|IT'S SPRING! LOVE IS IN THE AIR...OR, IS IT JUST BIRDIE HORMONES?|
Spring is upon us and our
thoughts turn to such activities as putting away the snow shovels, spring
cleaning, gardening, and taking walks now that the daylight hours are
longer. On the other hand, our feathered companions may be going a little
bonkers. Have you noticed your parrot is: more vocal? More aggressive
towards you or other birds? Taking chewing toys to a whole new level?
Loving even more than usual their tents or other dark spaces? Unusually
protective of their cage, food, or favorite person? Beginning to pluck
feathers on their chest, belly and/or legs? Showing more interest in
cuddling? Is regurgitating to their favorite toy or person? Is crouching
low on their perch and making strange clucking sounds?
If so, don’t panic and above all, don’t try to punish birds for totally natural, hormonal behavior.
However, there ARE things you can do to prevent magnification of this behavior.
1. Limit daylight hours to mimic winter sunshine. This includes reducing full spectrum light hours. Ensure that your pet is getting 11-12 hours of darkness per night.
2. Limit the amount of cuddle time and particularly avoid petting the back, wings, and vent area, as this can encourage sexual behavior and will only lead to confusion and frustration for the parrot.
3. Increase level of exercise by way of foraging opportunities *. Another terrific form of exercise is flying in place, especially for non-flighted birds. This is accomplished by having your parrot step on your hand, place your thumb on their feet and move your hands up and down. Encourage them to fly in place until they are tired.
4. Remove any “nest site” , like a sleeping tent or toy that could be used in which to lay eggs.
5. Avoid feeding high calorie or high fat foods during this time. These types of foods “turn on the abundance switch” that says it’s a good time to provide for babies.
6. If you feed a high potency, pelleted diet with a high protein content (Harrisons High Potency), cut back a bit.
7. Feeding lots of fresh vegetables and some fruits IS acceptable.
8. Discourage sexual advances towards you by keeping a toy box of fun items nearby and when he or she tries to mate with your hand or arm, offer one of the toys.
9. If your bird’s hormones are in high gear because of masturbation,
Remove the love object (toy, mirror, etc) until spring has passed.
REMEMBER THAT EGG-LAYING FEMALES MAY NEED ADDITIONAL CALCIUM. ONE OF THE BEST SOURCES IS A PRODUCT CALLED CALCIUM PLUS*, WHICH IS ADDED TO THE DRINKING WATER. THIS LIQUID CALCIUM IS QUICKLY AND EFFECTIVELY ABSORBED. FOLLOW THE BOTTLE’S DIRECTIONS VERY CAREFULLY, AS MORE IS NOT BETTER AND TOO MUCH CAN BE HARMFUL.
Let’s focus our attention on cockatiels. These gentle, sweet birds can become moody during hormonal times. Despite the inability to lay eggs, mature male cockatiels often become obsessed with a person or object, particularly a toy. They will flirt with it, sing to it, and can even become aggressive towards it. This might be a good time to put the toy or other object away until the hormones quiet down.
If YOU are the object of their affection, they may be whispering sweet nothings in your ear one moment and attacking you the next. Your cockatiel sees you as their mate and if your behavior is not perceived as appropriate for a mate, your tiel may reciprocate in a negative manner - a bite! Normally, we say that cockatiels, as opposed to most other parrots, make suitable shoulder companions. However, during times of hormonal stress, it is best to keep cockatiels, or any other birds for that matter, off the shoulder and rather, kept on the hand or below the elbow.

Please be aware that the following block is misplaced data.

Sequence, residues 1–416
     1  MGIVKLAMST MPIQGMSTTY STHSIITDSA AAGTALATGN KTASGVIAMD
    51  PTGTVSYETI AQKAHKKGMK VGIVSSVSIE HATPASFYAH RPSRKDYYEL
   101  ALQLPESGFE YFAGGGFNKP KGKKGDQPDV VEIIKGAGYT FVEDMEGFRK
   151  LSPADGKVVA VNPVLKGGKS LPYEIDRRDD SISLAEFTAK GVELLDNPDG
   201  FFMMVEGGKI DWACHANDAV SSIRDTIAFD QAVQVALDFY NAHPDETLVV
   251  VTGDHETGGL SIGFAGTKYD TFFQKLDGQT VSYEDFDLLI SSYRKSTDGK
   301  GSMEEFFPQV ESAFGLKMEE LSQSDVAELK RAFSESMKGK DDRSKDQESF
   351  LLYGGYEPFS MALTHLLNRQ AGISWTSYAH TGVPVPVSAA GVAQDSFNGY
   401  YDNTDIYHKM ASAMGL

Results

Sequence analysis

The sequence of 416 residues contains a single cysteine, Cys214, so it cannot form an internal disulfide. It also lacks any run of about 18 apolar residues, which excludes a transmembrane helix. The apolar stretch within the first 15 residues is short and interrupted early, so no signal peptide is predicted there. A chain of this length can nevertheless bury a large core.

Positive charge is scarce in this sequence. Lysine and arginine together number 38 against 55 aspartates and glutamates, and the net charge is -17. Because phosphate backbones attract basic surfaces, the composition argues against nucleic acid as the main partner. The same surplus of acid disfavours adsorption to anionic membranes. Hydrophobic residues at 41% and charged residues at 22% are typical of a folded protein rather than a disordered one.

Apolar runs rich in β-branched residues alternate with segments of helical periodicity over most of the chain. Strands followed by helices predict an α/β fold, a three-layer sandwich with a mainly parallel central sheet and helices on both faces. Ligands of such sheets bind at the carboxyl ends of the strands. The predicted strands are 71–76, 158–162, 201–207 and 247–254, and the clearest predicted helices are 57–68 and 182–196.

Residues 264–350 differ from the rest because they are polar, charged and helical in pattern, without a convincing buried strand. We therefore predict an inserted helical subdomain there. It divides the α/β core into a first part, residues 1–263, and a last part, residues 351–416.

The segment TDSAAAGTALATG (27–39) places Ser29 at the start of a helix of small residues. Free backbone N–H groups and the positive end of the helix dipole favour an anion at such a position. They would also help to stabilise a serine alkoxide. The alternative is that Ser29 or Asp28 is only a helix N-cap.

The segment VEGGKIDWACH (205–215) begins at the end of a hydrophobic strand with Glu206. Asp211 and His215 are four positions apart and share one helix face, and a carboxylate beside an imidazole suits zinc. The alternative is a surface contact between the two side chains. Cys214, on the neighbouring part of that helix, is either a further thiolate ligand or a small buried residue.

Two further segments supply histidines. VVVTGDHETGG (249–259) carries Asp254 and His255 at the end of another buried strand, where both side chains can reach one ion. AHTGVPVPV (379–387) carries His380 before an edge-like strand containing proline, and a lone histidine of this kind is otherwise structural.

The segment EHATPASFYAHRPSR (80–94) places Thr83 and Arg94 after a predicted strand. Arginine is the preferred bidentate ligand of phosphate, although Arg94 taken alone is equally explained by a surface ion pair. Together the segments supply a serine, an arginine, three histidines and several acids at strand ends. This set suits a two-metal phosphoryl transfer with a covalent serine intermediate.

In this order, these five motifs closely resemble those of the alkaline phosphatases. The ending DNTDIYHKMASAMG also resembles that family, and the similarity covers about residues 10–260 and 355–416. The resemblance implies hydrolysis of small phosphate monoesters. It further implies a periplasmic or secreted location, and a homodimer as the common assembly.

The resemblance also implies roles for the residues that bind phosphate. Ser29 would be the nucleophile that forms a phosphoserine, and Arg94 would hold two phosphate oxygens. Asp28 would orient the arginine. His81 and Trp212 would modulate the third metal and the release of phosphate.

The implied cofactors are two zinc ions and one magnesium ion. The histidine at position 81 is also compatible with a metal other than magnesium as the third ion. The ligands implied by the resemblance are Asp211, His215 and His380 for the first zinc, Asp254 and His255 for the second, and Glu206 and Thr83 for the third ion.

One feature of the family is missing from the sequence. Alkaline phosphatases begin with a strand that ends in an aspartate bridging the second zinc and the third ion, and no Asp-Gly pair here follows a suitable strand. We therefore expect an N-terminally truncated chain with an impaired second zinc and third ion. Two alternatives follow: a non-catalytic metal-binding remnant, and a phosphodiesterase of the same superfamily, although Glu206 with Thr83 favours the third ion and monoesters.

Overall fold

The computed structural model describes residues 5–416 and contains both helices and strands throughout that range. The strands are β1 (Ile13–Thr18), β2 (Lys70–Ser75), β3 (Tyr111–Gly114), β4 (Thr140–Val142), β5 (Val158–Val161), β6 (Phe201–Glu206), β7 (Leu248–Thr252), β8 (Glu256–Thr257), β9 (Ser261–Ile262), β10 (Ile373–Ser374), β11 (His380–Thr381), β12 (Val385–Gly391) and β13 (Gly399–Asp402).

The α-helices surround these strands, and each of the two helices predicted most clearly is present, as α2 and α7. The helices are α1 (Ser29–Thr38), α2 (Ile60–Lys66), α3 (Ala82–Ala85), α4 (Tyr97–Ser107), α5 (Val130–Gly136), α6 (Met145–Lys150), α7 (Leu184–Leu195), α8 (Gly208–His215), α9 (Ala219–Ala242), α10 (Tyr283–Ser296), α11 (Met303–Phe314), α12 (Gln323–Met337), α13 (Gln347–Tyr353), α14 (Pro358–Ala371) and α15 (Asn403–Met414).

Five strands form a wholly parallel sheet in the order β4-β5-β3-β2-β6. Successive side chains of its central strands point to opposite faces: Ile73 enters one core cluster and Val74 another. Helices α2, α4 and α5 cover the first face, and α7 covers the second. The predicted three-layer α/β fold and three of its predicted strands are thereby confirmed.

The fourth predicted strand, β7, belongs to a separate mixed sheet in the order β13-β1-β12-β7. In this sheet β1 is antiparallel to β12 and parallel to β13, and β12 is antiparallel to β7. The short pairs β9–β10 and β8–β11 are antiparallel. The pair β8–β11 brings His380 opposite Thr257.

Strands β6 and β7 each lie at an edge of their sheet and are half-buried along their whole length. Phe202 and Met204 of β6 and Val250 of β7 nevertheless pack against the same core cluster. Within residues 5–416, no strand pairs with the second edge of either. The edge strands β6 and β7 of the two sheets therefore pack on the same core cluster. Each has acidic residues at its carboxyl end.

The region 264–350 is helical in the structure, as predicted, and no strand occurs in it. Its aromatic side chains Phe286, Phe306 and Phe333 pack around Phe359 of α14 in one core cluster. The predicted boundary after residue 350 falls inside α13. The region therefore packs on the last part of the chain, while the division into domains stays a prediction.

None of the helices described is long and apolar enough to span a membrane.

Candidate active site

On the other hand, female cockatiels can be prone to egg-laying. No, they do not require a mate to lay eggs. Of course, a female without a mate will obviously lay infertile eggs. However, it is very important to take all steps necessary to discourage egg-laying. Chronic egg laying leaches calcium from the bird’s body and can lead to additional health risks. Follow the suggestions earlier in this article for steps to take to minimize hormonal behavior.
However, IF your female cockatiel that has no mate begins to lay eggs (infertile), DO NOT remove them until 22-28 days have passed. The rule is to leave the eggs for about a week past the incubation period. The incubation period varies from 17 to 23 days. Doing so before this will encourage her to continue to lay eggs, until she determines that an appropriate clutch has been laid. A normal clutch size if five, but it can vary from four to nine eggs. IF your female is having difficulty passing the egg, this can very serious. The egg is blocking the only outlet in her body for waste. A blocked egg will cause toxins to build up. An emergency measure you can take at home is to provide her with warmth. This is easily accomplished by using a heating pad and placing it 3/4 under the bird. This prevents her from becoming overheated. Another measure is to immerse her up to her neck in warm water to try and expel the egg. NEVER try to remove the egg from her vent. This can result in breaking the egg inside of the bird and death can result.
PLEASE NOTE: The staff at Bird Paradise is highly knowledgeable; however, we are not vets and so, any medical related questions (ie. egg binding, etc.) should be addressed with an avian veterinarian. Our relationships with our parrots are certainly for better or for worse. Be patient during these hormonal times. Our parrots are simply experiencing normal behaviors. And, despite the fact that it may hurt our feelings to have our beloved feathered companions display aggression or annoy us with out of the ordinary loud vocalizations, remember this too will pass. In a month or so, all will be back to normal and the pleasure of their company, an everyday delight!
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